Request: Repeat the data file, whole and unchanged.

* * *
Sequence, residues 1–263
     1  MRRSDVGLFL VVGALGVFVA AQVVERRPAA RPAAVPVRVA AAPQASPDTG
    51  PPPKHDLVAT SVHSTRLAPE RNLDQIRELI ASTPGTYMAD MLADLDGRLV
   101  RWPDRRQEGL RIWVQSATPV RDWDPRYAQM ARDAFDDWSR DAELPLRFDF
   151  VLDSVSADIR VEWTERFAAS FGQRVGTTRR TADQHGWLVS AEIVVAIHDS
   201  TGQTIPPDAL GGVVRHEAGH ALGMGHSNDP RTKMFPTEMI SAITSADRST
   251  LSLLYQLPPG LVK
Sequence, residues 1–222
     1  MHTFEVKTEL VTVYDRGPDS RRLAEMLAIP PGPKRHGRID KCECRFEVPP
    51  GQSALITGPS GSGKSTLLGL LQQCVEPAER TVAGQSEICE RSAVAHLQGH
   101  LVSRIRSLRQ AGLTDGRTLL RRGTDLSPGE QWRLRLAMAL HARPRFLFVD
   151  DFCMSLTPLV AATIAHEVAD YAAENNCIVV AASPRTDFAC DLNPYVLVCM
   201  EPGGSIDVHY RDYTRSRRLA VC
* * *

Sequence, residues 1–263
     1  MRRSDVGLFL VVGALGVFVA AQVVERRPAA RPAAVPVRVA AAPQASPDTG
    51  PPPKHDLVAT SVHSTRLAPE RNLDQIRELI ASTPGTYMAD MLADLDGRLV
   101  RWPDRRQEGL RIWVQSATPV RDWDPRYAQM ARDAFDDWSR DAELPLRFDF
   151  VLDSVSADIR VEWTERFAAS FGQRVGTTRR TADQHGWLVS AEIVVAIHDS
   201  TGQTIPPDAL GGVVRHEAGH ALGMGHSNDP RTKMFPTEMI SAITSADRST
   251  LSLLYQLPPG LVK
Sequence, residues 1–222
     1  MHTFEVKTEL VTVYDRGPDS RRLAEMLAIP PGPKRHGRID KCECRFEVPP
    51  GQSALITGPS GSGKSTLLGL LQQCVEPAER TVAGQSEICE RSAVAHLQGH
   101  LVSRIRSLRQ AGLTDGRTLL RRGTDLSPGE QWRLRLAMAL HARPRFLFVD
   151  DFCMSLTPLV AATIAHEVAD YAAENNCIVV AASPRTDFAC DLNPYVLVCM
   201  EPGGSIDVHY RDYTRSRRLA VC